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View from a cave, looking out. This cave is in France
Cave in New Mexico
Cave of Acsibi, Argentina

A cave is a natural underground hollow space that is completely dark. The entrance area of caves (Kuweba)

are home to many creatures such as snakes, mice, spiders & porcupines. Only a few animals are found deep in caves. Bats often live in caves. Another common creature found in caves are cave crickets. Caves consist of narrow passageways (corridors) and chambers (caverns).

Caves are usually formed when underground acidic (sour) water corrodes (=wears away) softer stones, such as limestone, leaving only the hard rock, such as granite, left. They can also be formed during natural catastrophes, such as earthquakes or by ice and glaciers.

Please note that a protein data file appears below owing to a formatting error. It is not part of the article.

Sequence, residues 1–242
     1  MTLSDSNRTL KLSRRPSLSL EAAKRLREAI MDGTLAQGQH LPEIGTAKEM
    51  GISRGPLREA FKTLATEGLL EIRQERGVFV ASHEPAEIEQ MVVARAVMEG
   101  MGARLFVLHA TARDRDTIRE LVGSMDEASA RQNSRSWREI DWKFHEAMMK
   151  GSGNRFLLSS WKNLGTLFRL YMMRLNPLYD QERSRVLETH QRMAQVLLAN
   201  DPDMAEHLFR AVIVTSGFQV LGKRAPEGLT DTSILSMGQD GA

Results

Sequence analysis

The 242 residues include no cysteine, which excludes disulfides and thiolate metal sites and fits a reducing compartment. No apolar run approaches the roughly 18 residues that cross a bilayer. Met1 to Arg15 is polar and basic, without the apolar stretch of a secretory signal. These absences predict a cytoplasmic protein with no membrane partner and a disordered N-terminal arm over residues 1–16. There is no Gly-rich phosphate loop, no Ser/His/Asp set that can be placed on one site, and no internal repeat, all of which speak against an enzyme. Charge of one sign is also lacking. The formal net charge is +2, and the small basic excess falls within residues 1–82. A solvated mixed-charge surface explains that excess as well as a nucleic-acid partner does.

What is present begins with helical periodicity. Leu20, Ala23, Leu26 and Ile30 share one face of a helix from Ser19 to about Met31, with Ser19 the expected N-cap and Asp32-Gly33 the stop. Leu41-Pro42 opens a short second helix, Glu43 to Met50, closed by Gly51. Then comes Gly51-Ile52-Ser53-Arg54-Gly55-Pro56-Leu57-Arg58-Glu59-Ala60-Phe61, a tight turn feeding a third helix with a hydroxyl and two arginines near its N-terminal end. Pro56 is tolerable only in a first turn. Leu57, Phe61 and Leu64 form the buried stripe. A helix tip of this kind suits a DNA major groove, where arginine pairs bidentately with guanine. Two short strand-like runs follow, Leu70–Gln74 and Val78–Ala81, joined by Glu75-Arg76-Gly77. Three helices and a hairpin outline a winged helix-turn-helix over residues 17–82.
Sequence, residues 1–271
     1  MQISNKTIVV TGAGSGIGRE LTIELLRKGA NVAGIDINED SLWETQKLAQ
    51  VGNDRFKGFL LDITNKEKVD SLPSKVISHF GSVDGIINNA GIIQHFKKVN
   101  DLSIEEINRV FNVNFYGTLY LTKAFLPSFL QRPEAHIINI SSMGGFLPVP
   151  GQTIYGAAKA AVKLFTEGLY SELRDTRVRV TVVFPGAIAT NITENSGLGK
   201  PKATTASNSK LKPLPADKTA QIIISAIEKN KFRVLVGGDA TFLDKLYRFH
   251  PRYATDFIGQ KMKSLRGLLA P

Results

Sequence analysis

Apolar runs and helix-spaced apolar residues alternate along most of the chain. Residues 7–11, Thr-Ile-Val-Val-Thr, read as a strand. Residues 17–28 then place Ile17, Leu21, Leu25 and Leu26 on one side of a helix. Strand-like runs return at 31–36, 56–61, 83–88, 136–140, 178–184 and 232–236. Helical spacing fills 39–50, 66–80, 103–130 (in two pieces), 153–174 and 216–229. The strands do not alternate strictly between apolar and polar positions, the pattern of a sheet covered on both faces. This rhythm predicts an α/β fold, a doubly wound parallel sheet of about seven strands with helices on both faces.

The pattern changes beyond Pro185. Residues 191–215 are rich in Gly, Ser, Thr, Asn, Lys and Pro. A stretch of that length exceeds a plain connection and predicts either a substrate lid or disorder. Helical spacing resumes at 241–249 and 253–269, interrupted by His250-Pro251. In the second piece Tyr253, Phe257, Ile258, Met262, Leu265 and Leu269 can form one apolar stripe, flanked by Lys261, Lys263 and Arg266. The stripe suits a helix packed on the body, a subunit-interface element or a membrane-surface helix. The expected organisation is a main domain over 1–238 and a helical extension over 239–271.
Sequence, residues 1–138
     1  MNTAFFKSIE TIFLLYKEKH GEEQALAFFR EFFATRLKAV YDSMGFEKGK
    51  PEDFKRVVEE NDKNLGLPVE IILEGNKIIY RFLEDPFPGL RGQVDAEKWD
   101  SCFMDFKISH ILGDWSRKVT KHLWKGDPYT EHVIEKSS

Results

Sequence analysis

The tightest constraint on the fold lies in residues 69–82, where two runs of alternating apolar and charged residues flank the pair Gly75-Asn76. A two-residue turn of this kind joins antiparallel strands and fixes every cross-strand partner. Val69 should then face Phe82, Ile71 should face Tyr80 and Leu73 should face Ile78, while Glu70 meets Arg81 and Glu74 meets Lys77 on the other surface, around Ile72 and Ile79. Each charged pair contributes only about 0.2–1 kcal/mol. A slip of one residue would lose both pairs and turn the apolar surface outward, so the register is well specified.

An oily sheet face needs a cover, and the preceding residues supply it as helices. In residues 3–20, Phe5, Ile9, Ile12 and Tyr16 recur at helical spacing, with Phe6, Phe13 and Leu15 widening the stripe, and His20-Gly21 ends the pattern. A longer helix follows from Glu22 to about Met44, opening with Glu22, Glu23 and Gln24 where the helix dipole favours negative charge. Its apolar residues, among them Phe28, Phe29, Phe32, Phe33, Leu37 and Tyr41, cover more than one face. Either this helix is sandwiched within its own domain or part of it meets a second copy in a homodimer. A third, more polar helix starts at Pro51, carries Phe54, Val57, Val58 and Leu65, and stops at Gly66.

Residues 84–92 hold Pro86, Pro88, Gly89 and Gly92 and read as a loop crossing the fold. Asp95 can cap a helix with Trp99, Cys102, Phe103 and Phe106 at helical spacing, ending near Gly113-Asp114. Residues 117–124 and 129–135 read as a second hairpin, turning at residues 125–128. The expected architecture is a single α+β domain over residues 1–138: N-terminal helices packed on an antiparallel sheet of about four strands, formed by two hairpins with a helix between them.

People in the past are known to have lived in caves and even today caves can provide shelter for trekkers. Many European caves have been inhabited (=people have lived in) already in the Stone Age, and some caves have beautiful paintings on the walls.

Caves can have beautiful formations in them such as stalagmites and stalactites. These are made over thousands of years by water dripping on them and leaving mineral deposits.

People who explore caves are called cavers (or speleologists). They go into caves for fun, exercise and to see the different formations. This can be a dangerous sport because caves sometimes have deep pits. Cavers also have to climb and crawl through the passages.

Cavers usually go into caves with four or more people. Each person has 2 or 3 light sources. One light is attached to each helmet. People go into caves to try and explore more about the world.

The study of caves is called Speleology.